Opsamling og links: Bo Xilai officielt fjernet og hustru efterforskes for mord

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Med Bo Xilais afgang er den politiske magtkamp brudt ud i lys lue. Det er den største ideologiske kamp i Kina i to årtier, der handler om den politiske og økonomiske kurs for Kina i de kommende år, og hvem der skal stå i spidsen for landet i det næste årti. Du kan læse alle tidligere artikler om magtkampen og Bo Xilai her.

Wall Street Journal har en god baggrund om, hvordan Bo Xilai nu er helt ude, og hvordan han er blevet fjernet fra Politibureauet samt at hans hustru efterforskes for mord. Avisen skriver også, hvordan USA har fået en uheldig rolle i sagen om Bo Xilai, og hvordan det amerikanske udenrigsministerium helst ville have undgået den.

Mr. Bo’s case is tricky for the State Department, because of Mr. Wang’s stay at the U.S. consulate in Chengdu in February. But American officials briefed on the incident said there was little serious thought of giving the Chinese official political asylum.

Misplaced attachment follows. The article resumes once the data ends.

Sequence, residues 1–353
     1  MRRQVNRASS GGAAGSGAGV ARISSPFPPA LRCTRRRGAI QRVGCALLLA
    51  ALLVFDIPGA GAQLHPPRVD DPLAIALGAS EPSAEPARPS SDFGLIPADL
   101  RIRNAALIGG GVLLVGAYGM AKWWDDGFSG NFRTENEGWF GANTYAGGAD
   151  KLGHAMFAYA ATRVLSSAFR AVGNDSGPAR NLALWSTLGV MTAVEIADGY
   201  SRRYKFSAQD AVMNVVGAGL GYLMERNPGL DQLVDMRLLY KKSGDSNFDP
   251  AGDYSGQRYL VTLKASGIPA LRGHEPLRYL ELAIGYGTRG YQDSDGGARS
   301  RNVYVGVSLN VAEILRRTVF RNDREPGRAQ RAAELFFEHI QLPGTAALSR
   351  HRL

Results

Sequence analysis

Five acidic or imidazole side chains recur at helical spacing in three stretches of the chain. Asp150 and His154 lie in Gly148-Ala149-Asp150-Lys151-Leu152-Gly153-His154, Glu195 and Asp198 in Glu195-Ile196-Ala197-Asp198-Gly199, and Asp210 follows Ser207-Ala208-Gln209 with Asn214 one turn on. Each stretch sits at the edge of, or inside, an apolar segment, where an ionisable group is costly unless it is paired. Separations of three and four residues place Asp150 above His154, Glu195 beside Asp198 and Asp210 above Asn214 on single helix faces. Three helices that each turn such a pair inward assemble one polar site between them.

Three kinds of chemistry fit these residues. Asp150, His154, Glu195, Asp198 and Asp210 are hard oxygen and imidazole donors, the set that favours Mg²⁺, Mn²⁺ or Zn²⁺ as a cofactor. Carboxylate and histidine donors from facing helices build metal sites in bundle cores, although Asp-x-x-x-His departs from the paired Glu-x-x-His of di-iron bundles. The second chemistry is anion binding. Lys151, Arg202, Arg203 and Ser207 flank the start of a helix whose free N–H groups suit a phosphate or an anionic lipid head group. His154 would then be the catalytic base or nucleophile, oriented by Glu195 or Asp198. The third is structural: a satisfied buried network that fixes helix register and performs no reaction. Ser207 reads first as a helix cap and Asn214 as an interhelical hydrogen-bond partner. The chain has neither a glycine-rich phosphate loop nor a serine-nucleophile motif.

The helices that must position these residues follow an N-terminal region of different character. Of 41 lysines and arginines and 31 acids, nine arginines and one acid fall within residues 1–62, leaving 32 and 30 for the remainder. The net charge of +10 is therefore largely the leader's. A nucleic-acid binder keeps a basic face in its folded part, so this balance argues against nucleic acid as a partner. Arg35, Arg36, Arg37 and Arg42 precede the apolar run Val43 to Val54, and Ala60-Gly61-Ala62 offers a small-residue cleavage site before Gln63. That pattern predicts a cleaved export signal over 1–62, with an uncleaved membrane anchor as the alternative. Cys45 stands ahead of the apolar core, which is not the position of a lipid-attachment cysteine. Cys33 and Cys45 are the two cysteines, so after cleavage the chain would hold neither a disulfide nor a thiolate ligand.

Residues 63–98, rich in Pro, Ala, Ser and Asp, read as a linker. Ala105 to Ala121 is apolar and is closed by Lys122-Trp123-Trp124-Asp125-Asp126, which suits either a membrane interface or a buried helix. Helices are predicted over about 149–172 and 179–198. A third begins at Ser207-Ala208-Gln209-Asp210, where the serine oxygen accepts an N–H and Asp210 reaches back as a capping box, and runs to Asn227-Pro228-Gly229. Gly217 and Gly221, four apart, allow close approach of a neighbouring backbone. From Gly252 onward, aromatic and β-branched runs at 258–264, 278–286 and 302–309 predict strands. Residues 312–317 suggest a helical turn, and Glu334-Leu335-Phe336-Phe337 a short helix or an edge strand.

Mr. Wang was viewed by many U.S. officials as one of Mr. Bo’s strongmen before he broke ranks, helping the party chief implement many of his policies in Chongqing. These officials said Mr. Wang was viewed as an “enforcer,” rather than a whistle blower or political activist.

These U.S. officials said the State Department told Mr. Wang it could be months before the U.S. could decide whether to grant him political asylum. As a result, the police chief decided to leave the consulate on his own following his 30-hour stay.

U.S. officials said they don’t know of Mr. Wang’s whereabouts.

Reuters fortæller, hvordan mordanklagerne mod Bo Xilais hustru og hans fyring i går er den største begivenhed i to årtier i kinesisk politik.

“This is so dramatic, so extraordinary,” said Li Zhuang, a Beijing lawyer who was once jailed in Chongqing for challenging Bo’s campaign against organised crime.

“If, and I stress if, there are real proven links to Heywood’s death, then we can imagine that Gu and Bo Xilai will find out that, as Chinese television has said about this, nobody is above the law.”

Any criminal investigation of Bo would only begin after the party’s disciplinary agency investigated him and decided whether to turn his case over to police and prosecutors, said Li.